by Ryan Rubai
When we were younger, our mother would try to smother us with our pillows. She pushed and pushed until to the point of suffocation when she let up. We would laugh and say silly mother, silly mother in a singsong voice.
Our father ignored us but we would notice him, in the living room, on his favourite chair reading the daily newspaper, eyeing us over the brim of the paper. We would sing: go away father go away father! He would walk out, shuffling his feet along the carpet.
Our mother stopped trying to smother us when we grew older. It was one time too many and the joke had worn thin. We threw her across the floor and she landed like a ragdoll. She screamed that she should have cut us out of body and drowned us. We giggled. Don’t be melodramatic mother, we said.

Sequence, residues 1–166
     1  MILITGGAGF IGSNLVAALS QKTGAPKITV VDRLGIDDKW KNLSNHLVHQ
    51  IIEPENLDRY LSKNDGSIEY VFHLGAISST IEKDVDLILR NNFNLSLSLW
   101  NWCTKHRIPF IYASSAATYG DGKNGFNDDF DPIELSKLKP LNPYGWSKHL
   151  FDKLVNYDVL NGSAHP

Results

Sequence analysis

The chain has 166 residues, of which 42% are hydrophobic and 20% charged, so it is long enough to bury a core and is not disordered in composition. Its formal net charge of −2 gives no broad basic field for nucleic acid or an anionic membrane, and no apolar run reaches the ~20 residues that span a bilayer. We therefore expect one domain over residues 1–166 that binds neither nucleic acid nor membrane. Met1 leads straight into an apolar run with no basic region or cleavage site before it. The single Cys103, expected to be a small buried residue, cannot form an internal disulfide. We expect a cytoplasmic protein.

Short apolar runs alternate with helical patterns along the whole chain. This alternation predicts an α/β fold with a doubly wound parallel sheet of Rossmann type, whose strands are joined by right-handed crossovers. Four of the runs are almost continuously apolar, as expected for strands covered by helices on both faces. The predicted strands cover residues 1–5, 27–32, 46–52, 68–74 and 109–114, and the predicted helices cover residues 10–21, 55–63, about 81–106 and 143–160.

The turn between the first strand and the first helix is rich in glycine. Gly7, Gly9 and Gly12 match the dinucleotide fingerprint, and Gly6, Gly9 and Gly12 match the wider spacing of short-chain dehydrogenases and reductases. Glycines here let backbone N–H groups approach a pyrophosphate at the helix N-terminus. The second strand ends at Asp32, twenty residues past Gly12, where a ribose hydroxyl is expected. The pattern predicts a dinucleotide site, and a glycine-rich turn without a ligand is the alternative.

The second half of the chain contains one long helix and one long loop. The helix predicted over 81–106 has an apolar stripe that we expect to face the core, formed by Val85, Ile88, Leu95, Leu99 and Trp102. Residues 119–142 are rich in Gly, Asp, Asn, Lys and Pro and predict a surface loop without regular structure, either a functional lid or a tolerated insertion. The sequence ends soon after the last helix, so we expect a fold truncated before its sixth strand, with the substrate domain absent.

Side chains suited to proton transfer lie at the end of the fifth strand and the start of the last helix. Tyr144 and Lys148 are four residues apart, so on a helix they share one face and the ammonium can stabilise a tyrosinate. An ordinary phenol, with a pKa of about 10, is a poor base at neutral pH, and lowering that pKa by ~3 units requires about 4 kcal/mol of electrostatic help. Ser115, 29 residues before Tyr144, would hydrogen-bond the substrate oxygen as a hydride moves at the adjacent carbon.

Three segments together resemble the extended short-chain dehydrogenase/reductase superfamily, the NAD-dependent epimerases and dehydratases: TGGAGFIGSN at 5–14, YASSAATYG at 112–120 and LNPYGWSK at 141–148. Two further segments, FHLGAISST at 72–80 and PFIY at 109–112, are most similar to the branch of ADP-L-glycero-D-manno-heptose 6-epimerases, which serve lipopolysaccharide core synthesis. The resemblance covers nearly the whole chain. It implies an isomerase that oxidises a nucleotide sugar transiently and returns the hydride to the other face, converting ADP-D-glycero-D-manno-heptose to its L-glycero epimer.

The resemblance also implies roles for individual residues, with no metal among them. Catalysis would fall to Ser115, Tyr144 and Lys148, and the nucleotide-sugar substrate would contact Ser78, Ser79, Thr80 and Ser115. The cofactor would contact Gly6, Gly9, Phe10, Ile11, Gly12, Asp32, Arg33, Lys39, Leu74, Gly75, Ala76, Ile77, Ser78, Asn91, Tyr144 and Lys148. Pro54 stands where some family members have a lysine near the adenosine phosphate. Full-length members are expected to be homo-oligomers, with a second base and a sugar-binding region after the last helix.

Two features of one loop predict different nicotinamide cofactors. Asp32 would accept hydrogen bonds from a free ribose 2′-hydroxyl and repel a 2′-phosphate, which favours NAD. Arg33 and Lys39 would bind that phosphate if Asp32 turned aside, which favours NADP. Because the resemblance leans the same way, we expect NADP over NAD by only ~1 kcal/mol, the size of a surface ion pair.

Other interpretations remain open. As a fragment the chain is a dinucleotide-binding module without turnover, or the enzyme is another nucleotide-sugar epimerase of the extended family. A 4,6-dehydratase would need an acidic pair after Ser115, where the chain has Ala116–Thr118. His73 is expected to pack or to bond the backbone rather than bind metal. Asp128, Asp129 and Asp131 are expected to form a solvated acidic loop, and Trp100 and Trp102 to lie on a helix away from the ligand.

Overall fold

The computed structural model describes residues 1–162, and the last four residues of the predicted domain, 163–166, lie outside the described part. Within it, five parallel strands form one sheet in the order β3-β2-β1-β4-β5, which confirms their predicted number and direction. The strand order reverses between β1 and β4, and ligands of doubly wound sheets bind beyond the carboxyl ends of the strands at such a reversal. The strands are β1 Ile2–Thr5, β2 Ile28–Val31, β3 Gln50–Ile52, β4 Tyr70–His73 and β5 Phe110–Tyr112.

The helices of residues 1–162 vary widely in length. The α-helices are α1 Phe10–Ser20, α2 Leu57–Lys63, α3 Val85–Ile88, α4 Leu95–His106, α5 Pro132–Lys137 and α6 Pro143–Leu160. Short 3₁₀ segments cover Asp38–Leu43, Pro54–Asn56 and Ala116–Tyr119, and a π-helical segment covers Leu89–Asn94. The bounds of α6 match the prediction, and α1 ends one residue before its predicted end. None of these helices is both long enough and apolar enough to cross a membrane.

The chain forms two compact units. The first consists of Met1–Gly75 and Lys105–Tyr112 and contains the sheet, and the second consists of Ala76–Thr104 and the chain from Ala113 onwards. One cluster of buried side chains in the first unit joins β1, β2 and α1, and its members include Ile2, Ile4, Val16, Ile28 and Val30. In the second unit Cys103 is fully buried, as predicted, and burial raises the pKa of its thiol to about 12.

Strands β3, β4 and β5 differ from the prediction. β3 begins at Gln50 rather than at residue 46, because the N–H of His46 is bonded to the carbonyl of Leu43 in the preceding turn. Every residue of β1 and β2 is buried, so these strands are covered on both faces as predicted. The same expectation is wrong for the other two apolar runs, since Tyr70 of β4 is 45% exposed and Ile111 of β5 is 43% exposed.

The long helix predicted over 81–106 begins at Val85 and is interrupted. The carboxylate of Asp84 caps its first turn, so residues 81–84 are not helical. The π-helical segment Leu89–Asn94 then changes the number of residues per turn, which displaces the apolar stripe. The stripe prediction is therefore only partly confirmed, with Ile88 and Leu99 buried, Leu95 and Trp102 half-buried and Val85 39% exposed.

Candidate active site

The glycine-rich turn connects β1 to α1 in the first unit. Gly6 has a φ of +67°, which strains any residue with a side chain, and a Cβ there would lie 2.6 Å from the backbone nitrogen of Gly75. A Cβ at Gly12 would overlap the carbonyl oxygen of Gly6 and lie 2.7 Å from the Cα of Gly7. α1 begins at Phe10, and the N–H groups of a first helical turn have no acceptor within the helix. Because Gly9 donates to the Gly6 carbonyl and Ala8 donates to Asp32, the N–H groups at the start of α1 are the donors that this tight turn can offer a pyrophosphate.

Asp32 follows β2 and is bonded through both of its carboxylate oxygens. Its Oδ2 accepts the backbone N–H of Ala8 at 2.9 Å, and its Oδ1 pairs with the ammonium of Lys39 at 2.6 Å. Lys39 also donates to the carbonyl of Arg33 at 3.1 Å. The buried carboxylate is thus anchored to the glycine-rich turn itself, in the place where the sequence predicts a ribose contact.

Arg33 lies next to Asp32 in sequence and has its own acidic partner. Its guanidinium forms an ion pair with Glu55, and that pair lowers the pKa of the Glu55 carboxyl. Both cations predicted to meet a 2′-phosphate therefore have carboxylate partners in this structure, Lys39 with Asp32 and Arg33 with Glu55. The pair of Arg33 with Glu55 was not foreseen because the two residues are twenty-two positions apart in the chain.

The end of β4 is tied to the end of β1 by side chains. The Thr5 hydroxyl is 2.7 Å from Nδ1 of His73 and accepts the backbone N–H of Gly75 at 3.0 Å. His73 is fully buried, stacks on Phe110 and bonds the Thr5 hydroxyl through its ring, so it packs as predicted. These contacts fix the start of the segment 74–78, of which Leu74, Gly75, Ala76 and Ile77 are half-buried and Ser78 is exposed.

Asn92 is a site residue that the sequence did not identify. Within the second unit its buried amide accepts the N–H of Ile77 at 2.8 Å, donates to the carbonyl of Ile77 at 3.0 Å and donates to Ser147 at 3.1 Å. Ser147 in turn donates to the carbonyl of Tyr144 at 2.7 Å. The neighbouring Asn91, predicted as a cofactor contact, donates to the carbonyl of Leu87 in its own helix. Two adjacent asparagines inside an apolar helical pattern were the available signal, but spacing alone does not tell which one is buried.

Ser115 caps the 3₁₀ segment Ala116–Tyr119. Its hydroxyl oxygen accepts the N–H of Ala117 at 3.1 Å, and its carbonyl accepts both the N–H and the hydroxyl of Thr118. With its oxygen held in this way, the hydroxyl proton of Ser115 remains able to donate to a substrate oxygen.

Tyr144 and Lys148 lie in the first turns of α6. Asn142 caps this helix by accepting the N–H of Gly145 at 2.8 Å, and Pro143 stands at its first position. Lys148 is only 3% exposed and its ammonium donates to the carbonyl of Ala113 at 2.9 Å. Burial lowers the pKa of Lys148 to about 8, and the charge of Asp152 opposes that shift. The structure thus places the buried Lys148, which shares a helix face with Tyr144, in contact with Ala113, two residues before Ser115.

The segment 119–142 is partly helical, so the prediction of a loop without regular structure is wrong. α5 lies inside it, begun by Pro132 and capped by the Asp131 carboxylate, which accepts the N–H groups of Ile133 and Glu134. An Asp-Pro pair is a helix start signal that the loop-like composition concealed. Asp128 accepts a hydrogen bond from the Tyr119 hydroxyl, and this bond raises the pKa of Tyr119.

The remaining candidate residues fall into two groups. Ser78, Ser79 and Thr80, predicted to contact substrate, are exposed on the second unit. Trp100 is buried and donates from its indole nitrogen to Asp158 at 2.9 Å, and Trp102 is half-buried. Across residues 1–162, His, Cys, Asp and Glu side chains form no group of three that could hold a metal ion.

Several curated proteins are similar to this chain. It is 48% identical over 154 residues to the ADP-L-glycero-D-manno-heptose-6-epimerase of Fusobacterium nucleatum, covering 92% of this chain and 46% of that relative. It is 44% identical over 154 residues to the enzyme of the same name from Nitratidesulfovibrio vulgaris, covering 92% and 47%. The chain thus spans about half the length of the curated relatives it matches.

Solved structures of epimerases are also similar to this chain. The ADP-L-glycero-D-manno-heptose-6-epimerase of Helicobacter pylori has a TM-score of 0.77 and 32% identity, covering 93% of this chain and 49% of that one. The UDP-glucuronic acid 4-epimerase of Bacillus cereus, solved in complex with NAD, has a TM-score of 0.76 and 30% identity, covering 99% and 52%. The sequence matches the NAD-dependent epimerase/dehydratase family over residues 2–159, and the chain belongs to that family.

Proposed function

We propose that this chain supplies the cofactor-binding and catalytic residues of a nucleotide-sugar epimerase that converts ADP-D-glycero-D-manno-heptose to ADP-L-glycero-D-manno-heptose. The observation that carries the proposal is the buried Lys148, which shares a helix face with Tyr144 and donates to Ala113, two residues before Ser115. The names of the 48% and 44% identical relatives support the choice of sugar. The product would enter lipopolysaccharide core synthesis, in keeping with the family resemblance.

When we were eight, we overheard our mother and father talking about us, in the kitchen. Gregory, we need to get rid of them, mother said. Damn it Jane, they’ll hear you.
We can hear you! We burst through the door and sauntered up to our parents. They stood up and tried to walk past us. We ran around and around and around them singing: silly mother, silly father, what will we do about you?
They fell to their knees, begging us to let them go. We thought about it but we had a better idea. We saw our teddy bears. We tore them apart, grabbing the white fluff from inside and formed a big pile. We began to sing:
We’ll open you up
We’ll scoop you clean
And then, we’ll stuff, we’ll stuff
With this big pile of fluff!
Now our mother never tries to smother us or stick us in the oven and father never tries to spy on us. They sit quietly, never making a sound but sometimes they start to come apart at the seams. No bother, we say, we’ll just sew them up again!